jQuery Thesaurus Fix for Huge Terms Database

I am using a modified jQuery Thesaurus for some project and I want to explain my solution for the case we have a huge terms database.

The original code provides the following functions:

1. checks the content of a HTML node in a webpage for terms against a dictionary

2. marks the found terms and construct links for AJAX calls to the terms definitions

3. on mouseover constructs a tooltip on the fly and populates it with the term definition

My modified version is using a JSON feed instead of the default DB controller, but this is not the subject to discuss in this article.

The js code waits for page to complete then downloads (or loads from DB) the full list of terms as a javascript object. At this moment, if the database has a big number of terms the speed of execution decreases until the tool becomes unusuable. There are reports that over 400-500 terms the solution is already out of question.

Here I want to explain my solution to this problem. I decided that any webpage content should be much more smaller than a list of terms from a database with several thousand of entries (or even 130k entries as mentioned in the above report). In that case it makes sense to pass the text to the DB controller then filter the list of terms only to the terms that actually exists in the target webpage.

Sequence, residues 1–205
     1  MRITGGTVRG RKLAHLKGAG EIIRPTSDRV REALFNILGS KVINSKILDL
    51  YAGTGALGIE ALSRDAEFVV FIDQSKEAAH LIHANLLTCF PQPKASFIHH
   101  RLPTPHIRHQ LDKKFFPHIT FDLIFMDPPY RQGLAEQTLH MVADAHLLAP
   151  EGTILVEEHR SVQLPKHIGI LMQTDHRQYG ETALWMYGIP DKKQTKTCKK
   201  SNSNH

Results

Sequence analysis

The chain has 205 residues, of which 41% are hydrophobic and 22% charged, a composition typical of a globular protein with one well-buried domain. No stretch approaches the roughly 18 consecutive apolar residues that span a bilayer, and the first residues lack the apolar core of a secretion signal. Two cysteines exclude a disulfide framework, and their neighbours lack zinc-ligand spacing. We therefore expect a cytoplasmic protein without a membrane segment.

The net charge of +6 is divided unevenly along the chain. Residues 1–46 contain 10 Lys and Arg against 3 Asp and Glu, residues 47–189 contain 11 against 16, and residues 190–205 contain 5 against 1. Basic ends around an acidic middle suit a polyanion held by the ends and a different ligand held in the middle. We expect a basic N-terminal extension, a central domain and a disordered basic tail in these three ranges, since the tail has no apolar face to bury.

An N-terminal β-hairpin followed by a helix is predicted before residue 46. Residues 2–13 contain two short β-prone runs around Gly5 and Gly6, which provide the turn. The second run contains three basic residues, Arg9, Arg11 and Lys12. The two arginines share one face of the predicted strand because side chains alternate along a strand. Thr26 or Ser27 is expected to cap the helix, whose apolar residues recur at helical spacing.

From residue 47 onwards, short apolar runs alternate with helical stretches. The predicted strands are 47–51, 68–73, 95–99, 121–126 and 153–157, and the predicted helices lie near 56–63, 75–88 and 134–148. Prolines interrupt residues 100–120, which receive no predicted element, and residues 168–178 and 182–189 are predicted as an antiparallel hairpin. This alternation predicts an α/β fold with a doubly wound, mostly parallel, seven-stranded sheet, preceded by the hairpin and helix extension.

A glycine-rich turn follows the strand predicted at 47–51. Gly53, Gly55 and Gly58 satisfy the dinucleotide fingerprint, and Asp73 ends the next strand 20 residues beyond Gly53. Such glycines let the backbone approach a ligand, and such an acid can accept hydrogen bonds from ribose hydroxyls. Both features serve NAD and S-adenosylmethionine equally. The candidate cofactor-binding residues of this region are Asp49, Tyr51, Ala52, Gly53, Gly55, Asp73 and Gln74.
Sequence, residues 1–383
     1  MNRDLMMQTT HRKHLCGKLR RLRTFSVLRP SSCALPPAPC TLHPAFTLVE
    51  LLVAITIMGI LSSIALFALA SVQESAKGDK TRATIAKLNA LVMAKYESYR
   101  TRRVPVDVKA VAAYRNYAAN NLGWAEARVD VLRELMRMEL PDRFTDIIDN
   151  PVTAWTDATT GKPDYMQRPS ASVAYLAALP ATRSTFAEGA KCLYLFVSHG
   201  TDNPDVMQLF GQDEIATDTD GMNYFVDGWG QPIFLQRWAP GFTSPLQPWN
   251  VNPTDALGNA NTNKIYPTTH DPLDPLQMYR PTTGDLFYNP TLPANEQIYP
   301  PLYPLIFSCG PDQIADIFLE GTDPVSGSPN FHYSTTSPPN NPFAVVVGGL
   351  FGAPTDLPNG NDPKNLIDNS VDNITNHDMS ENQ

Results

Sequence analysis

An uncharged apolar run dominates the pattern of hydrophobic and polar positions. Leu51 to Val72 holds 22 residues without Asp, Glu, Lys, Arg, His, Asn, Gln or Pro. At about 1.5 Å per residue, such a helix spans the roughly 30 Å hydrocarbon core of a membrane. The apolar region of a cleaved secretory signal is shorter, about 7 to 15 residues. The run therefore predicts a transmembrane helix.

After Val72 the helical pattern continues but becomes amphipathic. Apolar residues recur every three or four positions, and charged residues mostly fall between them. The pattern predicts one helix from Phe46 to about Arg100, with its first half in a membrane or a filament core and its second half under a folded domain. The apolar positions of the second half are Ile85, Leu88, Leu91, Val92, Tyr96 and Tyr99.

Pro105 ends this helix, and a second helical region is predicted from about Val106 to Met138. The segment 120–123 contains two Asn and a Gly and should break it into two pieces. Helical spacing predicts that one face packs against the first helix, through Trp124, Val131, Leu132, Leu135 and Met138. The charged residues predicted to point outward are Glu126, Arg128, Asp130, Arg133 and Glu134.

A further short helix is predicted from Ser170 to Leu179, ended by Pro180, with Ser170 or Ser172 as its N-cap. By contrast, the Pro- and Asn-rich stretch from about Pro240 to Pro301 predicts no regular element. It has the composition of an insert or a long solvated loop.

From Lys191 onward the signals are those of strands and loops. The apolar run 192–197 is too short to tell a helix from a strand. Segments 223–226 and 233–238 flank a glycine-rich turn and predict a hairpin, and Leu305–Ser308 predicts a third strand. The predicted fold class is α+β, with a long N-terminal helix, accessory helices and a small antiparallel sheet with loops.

Therefore I have modified the project to handle this request: (code was updated to address the issue mentioned in the first commentary)

1. Change this function as follows

     * 1) Loads list of terms from server
     * 2) Searches terms in DOM
     * 3) Marks up found terms
     * 4) Binds eventhandlers to them
    bootstrap : function() {
		var words;
		var list;
		$.each(this.options.containers, $.proxy(function(i, node) {
                	words += " " + $(node).text().replace(/[\d!;:<>.=\-_`~@*?,%\"\'\\(\\)\\{\\}]/g, ' ').replace(/\s+/g, ' ');
			list = words.split(" ");
			list = removeDuplicates(list);
			words = list.join(" ");
            }, this));
        $.getJSON(this.options.JSON_TERMS_URI+'&words='+words+'&callback=?', $.proxy(function(data){
            this.terms = this._processResponseTerm(data);
            $.each(this.options.containers, $.proxy(function(i, node) {
            }, this));
        }, this));

You can see I am accessing my JSON feed instead of the DB controller but this is not an issue, the idea remains the same. I am passing the extracted text from the containers declared in the Thesaurus Options.

2. Filter the terms in the DB controller (syntax is for generating a JSON feed)

$tgs = $this->get_thesaurus(); //make an array of all terms in the dictionary
$words = $_GET['words']; //load list of unique words from target
$tags = array();

foreach ($tgs as $tag) {
	$list = explode(" ",$tag); //make list of words from each term
	foreach ($list as $word) {
		if (stristr($words, $word)) { //check if any of the words are present at target
			$tags[] = $tag;
return array( //return JSON
  'count' => count($tags),
  'tags' => $tags